High-Fiber Diets Prevent Polyps
September 14, 2009
High-fiber diets may help prevent colon cancer, according to new results from the Polyp Prevention Trial. Previous studies yielded ambiguous findings about whether fiber could reduce the recurrence of colon polyps, which are often a first indication of colon cancer. The new report looked at participants who were the most compliant to a high-fruit-and-vegetable diet, finding that the diet reduced their odds of polyp recurrence by up to 35 percent and reduced their odds of advanced polyp recurrence almost 50 percent. The 1,905 participants were at least 35 years old and had at least one confirmed colorectal polyp. The test diet limited fat to 20 percent of calories, with 18 grams of fiber and 3.5 servings of fruits and vegetables per 1,000 calories.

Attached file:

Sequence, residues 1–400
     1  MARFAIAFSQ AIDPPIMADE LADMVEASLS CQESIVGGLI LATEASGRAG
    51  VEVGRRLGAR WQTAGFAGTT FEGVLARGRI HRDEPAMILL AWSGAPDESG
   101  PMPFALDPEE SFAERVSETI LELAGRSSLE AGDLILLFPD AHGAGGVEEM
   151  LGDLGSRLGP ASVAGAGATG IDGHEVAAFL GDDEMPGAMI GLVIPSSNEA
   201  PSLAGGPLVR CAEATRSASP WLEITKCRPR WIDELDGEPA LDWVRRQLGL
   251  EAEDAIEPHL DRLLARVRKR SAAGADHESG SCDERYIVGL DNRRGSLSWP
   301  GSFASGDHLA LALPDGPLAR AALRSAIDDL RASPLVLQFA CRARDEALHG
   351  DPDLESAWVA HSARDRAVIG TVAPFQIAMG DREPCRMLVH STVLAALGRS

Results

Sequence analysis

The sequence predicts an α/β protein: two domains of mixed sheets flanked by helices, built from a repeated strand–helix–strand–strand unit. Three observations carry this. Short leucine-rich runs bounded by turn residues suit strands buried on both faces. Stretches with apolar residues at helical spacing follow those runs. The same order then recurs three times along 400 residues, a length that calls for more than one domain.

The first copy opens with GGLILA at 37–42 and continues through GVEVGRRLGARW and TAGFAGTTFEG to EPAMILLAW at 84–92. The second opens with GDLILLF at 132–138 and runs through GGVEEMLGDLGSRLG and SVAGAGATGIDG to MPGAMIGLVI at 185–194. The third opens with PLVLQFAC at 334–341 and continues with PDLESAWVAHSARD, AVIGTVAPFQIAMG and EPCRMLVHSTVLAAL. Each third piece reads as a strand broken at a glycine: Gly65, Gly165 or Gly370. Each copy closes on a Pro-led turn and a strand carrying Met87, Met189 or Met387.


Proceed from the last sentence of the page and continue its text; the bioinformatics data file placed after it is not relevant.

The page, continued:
In previous studies, plant-based and vegetarian diets have been associated with a much lower incidence of colon cancer.
Sansbury LB, Wanke K, Albert PS, et al. The effect of strict adherence to a high-fiber, high-fruit and-vegetable, and low-fat eating pattern on adenoma recurrence. Am J Epidemiol. 200;170:576-584.
Fraser GE. Associations between diet and cancer, ischemic heart disease, and all-cause mortality in non-Hispanic white California Seventh-day Adventists. Am J Clin Nutr. 1999;70(suppl 3):532S-538S.
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